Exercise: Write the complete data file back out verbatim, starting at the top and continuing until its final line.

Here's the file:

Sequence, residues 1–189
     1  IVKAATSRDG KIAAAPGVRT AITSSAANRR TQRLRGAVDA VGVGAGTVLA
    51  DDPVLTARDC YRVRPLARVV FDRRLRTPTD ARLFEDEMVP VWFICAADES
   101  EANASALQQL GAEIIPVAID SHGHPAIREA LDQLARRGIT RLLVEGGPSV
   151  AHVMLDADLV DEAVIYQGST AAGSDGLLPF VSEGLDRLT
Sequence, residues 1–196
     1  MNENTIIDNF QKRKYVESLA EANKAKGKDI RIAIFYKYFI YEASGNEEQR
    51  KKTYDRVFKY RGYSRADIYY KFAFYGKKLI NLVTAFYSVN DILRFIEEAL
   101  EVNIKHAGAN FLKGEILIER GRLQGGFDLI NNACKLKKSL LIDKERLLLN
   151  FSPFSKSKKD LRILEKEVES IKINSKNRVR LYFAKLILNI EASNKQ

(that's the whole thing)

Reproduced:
Sequence, residues 1–189
     1  IVKAATSRDG KIAAAPGVRT AITSSAANRR TQRLRGAVDA VGVGAGTVLA
    51  DDPVLTARDC YRVRPLARVV FDRRLRTPTD ARLFEDEMVP VWFICAADES
   101  EANASALQQL GAEIIPVAID SHGHPAIREA LDQLARRGIT RLLVEGGPSV
   151  AHVMLDADLV DEAVIYQGST AAGSDGLLPF VSEGLDRLT
Sequence, residues 1–196
     1  MNENTIIDNF QKRKYVESLA EANKAKGKDI RIAIFYKYFI YEASGNEEQR
    51  KKTYDRVFKY RGYSRADIYY KFAFYGKKLI NLVTAFYSVN DILRFIEEAL
   101  EVNIKHAGAN FLKGEILIER GRLQGGFDLI NNACKLKKSL LIDKERLLLN
   151  FSPFSKSKKD LRILEKEVES IKINSKNRVR LYFAKLILNI EASNKQ